Telstra launches Australian homes onto the Internet of S**t

Today's hot gadget, tomorrow's botnet, next year's brick


Telstra's decided that Australian homes aren't insecure enough, launching its very own Internet of S**t Things offering based mostly on generic home-branded kit.

The service, offered to Testra and non-Telstra broadband users, currently comes in two starter flavours: a home security offering with window sensors and camera; or an automation pack with power plugs, motion sensors, and window sensors.

Devices connect through a home hub, other supported devices include smart light bulbs from Sengled, a thermostat from an outfit called "Zen" and a Lockwood door lock. The carrier promises more devices next year.

Given that 2016 has provided so many Internet of S**t security disasters, The Register hopes to put questions about just what's under the hood, whether firmware upgrades will be possible and so on. Telstra's told us it will try to find a time when someone who has heard of security might be available to share some information.

So here's what occurs to Vulture South, and we're sure readers can think of other questions as well:

Whose devices? “Badge engineering” is no longer good enough, in a world where major Internet infrastructure can be hosed by a Botnet of Things. If a carrier is slow with a firmware patch and there's no second source available to users, both customers and the Internet are at risk.

Even best-practice Thing patch management is mostly rubbish, as Akamai's CSO Andy Ellis told The Register in September.

Software: In the Internet of Things, it's clear that suppliers need to be transparent about the software on their devices.

Telstra is letting non-Telstra customers sign on for the Smart Home service: other ISPs, at least, need to know that the gateway device isn't running an old, unpatched embedded Linux or open source software library.

Cryptography: We've asked Telstra what cryptographic protocols protect communications to and from the home user; and to/from the smartphone apps.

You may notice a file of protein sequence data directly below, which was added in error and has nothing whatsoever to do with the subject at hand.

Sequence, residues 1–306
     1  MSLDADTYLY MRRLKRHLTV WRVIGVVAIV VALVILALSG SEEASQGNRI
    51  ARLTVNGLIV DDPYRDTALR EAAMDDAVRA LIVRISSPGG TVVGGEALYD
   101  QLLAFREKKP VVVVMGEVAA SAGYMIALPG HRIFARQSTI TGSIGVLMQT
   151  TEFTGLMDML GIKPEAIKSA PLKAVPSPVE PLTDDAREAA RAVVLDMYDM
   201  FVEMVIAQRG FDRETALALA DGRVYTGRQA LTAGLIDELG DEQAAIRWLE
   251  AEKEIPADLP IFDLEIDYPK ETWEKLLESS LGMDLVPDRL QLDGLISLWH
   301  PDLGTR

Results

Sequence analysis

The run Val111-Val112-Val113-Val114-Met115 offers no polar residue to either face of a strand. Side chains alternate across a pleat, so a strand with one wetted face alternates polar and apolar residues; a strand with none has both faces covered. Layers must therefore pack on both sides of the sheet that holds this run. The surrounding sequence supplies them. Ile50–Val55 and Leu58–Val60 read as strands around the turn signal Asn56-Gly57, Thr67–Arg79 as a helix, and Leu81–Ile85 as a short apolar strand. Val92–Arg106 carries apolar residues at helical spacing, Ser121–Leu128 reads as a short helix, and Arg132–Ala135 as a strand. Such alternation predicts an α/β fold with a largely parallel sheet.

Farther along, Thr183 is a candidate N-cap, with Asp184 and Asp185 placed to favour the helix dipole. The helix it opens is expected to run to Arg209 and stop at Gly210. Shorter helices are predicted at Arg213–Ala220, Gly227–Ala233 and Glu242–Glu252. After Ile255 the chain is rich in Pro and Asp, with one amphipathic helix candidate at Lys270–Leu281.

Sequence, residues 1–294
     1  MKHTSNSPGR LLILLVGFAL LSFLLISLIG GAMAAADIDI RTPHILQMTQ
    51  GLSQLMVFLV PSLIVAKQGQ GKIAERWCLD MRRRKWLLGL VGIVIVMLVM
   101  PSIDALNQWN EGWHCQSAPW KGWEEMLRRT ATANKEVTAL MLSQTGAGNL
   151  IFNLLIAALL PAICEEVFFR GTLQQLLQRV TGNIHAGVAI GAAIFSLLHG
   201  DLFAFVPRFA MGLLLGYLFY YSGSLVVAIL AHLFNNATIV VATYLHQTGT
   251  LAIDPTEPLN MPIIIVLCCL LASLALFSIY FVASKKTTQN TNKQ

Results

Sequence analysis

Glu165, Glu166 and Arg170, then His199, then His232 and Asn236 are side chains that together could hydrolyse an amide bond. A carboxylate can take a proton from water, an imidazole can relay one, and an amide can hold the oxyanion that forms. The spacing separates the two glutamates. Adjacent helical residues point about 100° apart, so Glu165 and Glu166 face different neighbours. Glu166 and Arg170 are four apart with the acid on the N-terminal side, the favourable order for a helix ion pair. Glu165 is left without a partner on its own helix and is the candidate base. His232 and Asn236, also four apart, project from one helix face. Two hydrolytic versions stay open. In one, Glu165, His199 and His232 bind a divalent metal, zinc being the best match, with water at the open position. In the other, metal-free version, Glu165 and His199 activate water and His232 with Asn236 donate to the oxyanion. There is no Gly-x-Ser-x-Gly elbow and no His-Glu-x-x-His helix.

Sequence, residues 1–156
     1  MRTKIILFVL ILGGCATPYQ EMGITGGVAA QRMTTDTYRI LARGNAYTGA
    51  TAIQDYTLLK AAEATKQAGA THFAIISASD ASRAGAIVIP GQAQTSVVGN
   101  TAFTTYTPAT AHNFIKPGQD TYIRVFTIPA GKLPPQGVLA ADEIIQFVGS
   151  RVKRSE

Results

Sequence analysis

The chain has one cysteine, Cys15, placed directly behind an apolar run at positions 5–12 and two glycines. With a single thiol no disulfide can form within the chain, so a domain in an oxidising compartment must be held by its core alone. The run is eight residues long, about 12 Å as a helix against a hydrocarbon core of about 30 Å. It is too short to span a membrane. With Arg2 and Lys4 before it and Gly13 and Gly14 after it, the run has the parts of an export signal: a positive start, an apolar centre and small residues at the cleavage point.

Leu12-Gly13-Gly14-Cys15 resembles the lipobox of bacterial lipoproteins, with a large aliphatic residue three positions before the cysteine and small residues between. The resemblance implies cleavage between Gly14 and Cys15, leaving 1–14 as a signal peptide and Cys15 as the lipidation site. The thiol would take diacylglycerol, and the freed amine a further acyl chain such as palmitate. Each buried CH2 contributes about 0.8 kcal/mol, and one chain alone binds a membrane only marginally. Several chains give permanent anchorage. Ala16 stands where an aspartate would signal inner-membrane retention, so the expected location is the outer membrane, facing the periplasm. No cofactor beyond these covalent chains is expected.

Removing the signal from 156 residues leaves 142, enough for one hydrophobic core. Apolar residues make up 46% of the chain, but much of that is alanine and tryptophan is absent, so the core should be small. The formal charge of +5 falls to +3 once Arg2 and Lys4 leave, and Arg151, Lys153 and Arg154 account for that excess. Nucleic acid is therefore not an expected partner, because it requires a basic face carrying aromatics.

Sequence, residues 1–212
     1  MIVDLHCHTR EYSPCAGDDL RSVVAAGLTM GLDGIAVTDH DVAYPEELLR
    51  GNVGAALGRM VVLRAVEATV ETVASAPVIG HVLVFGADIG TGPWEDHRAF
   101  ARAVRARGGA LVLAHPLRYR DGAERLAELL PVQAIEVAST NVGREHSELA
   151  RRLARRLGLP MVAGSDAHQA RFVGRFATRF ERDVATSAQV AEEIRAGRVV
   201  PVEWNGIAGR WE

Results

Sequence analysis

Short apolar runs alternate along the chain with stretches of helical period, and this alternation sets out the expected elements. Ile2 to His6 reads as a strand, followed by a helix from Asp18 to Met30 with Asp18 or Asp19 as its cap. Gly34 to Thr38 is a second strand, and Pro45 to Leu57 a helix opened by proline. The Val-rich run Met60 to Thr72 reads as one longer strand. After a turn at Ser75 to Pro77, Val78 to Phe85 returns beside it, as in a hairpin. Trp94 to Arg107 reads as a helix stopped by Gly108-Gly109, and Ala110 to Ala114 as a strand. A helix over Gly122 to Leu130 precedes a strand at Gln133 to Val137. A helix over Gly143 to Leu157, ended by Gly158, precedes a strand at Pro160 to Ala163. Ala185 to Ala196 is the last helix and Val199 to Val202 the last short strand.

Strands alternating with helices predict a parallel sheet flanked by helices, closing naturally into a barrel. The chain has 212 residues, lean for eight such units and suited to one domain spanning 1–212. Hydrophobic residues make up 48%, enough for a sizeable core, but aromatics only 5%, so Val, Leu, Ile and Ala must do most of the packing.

Configuration: The devices can't be configured from a desktop machine, only from a mobile app. In other words, the carrier wants all configuration information to run through its cloud.

That also means I can't change a configuration without all parts of the network – my broadband connection, my mobile connection, and Telstra's cloud – in operation, which leads us to the next bad idea.

Cloud dependency: Without a connection, a user can't manage anything.

Ask a Finn what he or she thinks of a cloud-dependent thermostat – or, for that matter, Americans who couldn't connect to their home automation systems while a Mirai botnet was clobbering Dyn DNS.

UPnP: Because there's no local configuration, the user must let UpnP through their gateway.

UPnP – the Universal Plug'n'Play protocol – has been popped many, many times, frequently because low-cost manufacturers forget to change the chip-vendors' SDK defaults.

Security advice: Telstra's Smart Home promo pages make no mention of even basics things that might secure the home router: strong passwords, disabling remote management, turning off UPnP (oh, that's right, you can't) and the like.

Today's hot gadget is tomorrow's abandonware: The Internet of Things market is littered with unhappy people who bought a device tied to a service, only to have it bricked when the service is withdrawn. We'd love to know how long Telstra plans to keep this kit alive.

Nest's Revolv home automation hub is a fine example.

One more thing: if the smart light bulb Telstra sells me has a flaw that turns it into a data-sucking monster, will that count against download quotas? ®

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